Much of China’s crackdown on the private sector centered on activities that had been only lightly regulated in the past, such as practices now considered monopolistic; for example, major e-commerce company Alibaba was fined for preventing merchants from selling their products on competitors’ websites. Other business practices came under scrutiny and supervision as China’s political winds shifted. For example, data protection and cybersecurity—especially related to companies listing on Wall Street—became sensitive issues as tensions with the United States mounted. A multitude of new laws and regulations have been put in place, and approvals for new online products and services—especially video games—have languished in bureaucratic limbo. Moreover, the government’s acquisition of small stakes in several businesses—so-called “golden shares” that come with board seats—make it clear that control of the private sector will come from both without and within.
The end result for many companies has been sharply lower profits and plummeting stock market valuations. Mass layoffs have followed, with sixty thousand employees fired at one tutoring company and more than nineteen thousand let go at Alibaba, where 2022 revenue growth was the slowest on record. (On Tuesday, Alibaba announced a major reshuffle, splitting into six different business units.) That’s bad news for the coming wave of college graduates, most of whom won’t be equipped with the skills to find employment in “hard-tech” startups like semiconductor manufacturers and quantum computing firms that now are showered with subsidies and other support from Beijing. In February, the jobless rate among urban youth hit 18.1 percent, the highest level in six months.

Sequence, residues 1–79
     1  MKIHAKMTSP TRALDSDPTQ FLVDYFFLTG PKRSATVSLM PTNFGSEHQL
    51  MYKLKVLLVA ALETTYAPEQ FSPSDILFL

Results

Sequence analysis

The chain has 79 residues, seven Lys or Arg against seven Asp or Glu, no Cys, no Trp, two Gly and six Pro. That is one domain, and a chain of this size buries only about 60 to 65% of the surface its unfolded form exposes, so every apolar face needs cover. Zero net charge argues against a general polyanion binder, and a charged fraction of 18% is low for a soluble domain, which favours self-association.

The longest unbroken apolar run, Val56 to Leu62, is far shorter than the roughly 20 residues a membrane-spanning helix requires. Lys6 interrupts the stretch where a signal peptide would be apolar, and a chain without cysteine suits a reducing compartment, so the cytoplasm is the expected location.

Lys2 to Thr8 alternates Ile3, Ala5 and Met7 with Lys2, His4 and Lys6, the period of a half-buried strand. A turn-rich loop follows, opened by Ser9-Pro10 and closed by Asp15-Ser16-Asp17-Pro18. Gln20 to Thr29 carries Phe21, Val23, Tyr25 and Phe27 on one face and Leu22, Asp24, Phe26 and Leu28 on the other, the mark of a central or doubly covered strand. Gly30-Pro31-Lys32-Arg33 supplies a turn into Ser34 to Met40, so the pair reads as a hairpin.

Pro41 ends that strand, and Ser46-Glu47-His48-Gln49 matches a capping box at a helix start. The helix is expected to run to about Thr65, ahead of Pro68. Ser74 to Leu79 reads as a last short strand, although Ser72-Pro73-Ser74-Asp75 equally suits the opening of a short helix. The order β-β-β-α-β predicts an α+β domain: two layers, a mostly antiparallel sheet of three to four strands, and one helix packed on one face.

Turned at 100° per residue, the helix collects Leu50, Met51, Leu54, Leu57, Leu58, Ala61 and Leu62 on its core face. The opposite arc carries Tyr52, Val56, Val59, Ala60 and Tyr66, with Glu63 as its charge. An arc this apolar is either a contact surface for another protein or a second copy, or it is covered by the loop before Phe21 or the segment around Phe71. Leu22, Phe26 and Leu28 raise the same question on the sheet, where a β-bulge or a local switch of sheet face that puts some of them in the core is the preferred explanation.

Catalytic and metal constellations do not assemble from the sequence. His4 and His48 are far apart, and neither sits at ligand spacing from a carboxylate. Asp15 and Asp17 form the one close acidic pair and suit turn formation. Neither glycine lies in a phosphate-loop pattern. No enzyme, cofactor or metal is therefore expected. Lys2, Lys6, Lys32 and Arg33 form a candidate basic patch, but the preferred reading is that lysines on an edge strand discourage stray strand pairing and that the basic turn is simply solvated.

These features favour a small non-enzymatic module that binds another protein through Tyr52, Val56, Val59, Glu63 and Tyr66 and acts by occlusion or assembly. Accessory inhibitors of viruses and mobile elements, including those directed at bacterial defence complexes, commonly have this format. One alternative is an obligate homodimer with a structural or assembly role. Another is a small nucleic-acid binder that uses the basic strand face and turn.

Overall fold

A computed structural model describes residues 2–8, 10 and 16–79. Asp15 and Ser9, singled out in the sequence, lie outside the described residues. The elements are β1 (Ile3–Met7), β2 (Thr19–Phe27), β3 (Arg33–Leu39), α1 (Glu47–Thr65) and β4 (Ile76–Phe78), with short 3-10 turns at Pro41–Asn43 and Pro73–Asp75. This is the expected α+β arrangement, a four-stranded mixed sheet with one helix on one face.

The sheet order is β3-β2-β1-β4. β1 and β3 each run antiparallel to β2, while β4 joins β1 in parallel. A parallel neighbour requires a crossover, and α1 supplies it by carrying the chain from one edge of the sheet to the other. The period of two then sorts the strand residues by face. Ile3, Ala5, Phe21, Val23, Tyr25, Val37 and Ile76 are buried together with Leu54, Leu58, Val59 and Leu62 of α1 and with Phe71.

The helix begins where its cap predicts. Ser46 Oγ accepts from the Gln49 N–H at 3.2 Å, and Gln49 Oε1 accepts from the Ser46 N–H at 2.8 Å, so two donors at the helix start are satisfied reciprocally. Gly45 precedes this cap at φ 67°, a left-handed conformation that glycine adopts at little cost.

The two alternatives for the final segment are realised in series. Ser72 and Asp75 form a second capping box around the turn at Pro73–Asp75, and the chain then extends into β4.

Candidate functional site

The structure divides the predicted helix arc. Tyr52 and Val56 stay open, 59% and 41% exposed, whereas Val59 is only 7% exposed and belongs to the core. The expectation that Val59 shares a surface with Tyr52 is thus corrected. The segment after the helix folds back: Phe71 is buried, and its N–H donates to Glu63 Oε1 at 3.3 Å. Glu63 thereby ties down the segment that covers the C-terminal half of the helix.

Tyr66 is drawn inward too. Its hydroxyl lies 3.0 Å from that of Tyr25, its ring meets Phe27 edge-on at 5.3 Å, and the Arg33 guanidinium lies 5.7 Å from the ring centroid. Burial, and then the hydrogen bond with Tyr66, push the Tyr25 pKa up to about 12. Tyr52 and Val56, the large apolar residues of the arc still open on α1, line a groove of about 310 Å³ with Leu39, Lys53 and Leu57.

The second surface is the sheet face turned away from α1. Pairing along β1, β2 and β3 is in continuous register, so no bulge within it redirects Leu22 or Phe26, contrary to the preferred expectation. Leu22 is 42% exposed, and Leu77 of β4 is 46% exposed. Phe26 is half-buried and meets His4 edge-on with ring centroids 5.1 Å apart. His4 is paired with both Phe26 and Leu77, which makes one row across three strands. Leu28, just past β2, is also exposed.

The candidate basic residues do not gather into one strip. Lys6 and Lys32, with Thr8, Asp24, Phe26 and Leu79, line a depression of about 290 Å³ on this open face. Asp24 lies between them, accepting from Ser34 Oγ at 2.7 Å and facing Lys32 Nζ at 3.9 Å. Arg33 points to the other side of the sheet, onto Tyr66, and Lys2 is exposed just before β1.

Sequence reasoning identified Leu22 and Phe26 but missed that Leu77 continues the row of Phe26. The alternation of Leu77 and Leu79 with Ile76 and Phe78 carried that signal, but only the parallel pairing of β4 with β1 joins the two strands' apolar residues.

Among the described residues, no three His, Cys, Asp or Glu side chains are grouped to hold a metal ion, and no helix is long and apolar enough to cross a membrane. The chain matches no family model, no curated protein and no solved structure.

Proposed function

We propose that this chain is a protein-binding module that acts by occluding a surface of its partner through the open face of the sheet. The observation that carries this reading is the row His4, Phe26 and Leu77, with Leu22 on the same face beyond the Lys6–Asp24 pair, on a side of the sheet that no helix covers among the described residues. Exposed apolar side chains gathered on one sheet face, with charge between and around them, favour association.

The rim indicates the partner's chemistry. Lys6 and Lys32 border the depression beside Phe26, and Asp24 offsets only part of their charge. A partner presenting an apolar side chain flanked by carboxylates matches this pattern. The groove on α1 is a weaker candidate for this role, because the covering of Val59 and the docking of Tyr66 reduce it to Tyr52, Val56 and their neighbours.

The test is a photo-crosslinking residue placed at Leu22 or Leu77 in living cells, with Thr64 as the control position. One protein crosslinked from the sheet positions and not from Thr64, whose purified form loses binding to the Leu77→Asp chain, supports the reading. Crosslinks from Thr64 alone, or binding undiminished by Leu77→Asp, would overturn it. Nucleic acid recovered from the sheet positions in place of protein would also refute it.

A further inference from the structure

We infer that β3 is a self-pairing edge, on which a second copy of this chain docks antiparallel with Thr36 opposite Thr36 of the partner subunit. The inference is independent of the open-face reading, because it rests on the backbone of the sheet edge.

Beijing’s campaign against such a vibrant part of the economy just adds to the scar tissue from the draconian zero-COVID policies that shut down cities and industries—and that were abandoned last year only after the unchecked spread of the Omicron variant and spontaneous street protests late last year that embarrassed the leadership. So it’s not surprising that as retail spending slowly recovers, Chinese consumers remain unsure about the future. It also doesn’t help that the property market remains in a deep downturn, affecting a sector that has contributed more than one-quarter of the country’s gross domestic product and directly hitting at least 70 percent of urban residents’ personal wealth.